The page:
This fall’s Open Classroom Series will focus on U.S. health care reform with a particular emphasis on patient safety, Obamacare, and obesity.
Assistant professor Andrea Parker is developing mobile tools aimed at improving the health and wellness of people in low-income communities—and inspiring them to encourage their neighbors to do the same.
A new program designed by Maria Dolce, an associate professor in the School of Nursing, aims to promote oral health care while preventing disease.
Sunny Zhou, an associate professor of chemistry and chemical biology, has received $1 million from the National Institutes of Health to study the importance of an enzyme in aging and disease.
In new research, network scientist Alessandro Vespignani and his team show through computational modeling that a hypothetical attack involving smallpox may spread to two or four countries before the first cases are ever diagnosed.
On Saturday, civil and environmental engineering professor Ferdi Hellweger participated in the first community swim of Boston’s Charles River in more than half a century.
Baruch Barzel, a postdoctoral researcher in world-renowned network scientist Albert-László Barabási’s lab, has worked out a method for mapping the interactions between cellular components, moving the team a step closer in its quest to understand, predict, and control disease.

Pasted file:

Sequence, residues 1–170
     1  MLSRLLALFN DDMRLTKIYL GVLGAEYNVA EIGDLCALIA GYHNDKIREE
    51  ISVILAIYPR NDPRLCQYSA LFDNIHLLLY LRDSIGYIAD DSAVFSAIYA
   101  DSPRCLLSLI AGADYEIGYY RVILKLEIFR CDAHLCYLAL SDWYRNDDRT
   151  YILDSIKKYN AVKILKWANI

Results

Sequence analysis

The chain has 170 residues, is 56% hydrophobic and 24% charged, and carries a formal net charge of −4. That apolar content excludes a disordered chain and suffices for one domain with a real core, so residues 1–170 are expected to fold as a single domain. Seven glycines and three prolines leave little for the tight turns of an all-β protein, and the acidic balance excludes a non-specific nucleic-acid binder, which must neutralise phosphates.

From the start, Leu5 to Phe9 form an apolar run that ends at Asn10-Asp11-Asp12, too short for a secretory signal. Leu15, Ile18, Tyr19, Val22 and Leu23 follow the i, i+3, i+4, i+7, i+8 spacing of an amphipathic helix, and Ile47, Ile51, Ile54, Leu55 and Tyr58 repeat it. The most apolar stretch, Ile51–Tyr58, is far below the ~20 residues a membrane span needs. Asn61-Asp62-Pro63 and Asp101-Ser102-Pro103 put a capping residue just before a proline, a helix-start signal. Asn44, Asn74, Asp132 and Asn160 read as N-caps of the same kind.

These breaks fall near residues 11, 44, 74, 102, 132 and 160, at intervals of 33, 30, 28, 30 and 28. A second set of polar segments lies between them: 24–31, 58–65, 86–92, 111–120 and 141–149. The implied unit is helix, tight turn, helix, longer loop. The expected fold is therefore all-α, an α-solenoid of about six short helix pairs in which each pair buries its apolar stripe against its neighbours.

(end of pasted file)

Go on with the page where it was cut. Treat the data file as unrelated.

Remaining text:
A group of first-year students recently completed the Summer Discovery Experience, an intensive PRISM summer program in which students experience hands-on research in mathematics, physics, and biology.
Pharmacy graduate Nick O’Donnell earned an award at the RISE:2013 expo this spring for his work investigating the adverse effects of intravenous sedatives.
Northeastern’s Professional Science Master’s degree program in biotechnology, now in its 10th year, is a model for similar programs around the world.
A team of engineering students conceived a smart toothbrush at the annual Engineers for the Greater Good competition, winning first place and a $1,500 stipend to turn the concept into reality.
Chemical engineering professor Thomas Webster’s team developed an injectable, conductive material to regenerate heart tissue after either a heart attack or cardiac disease.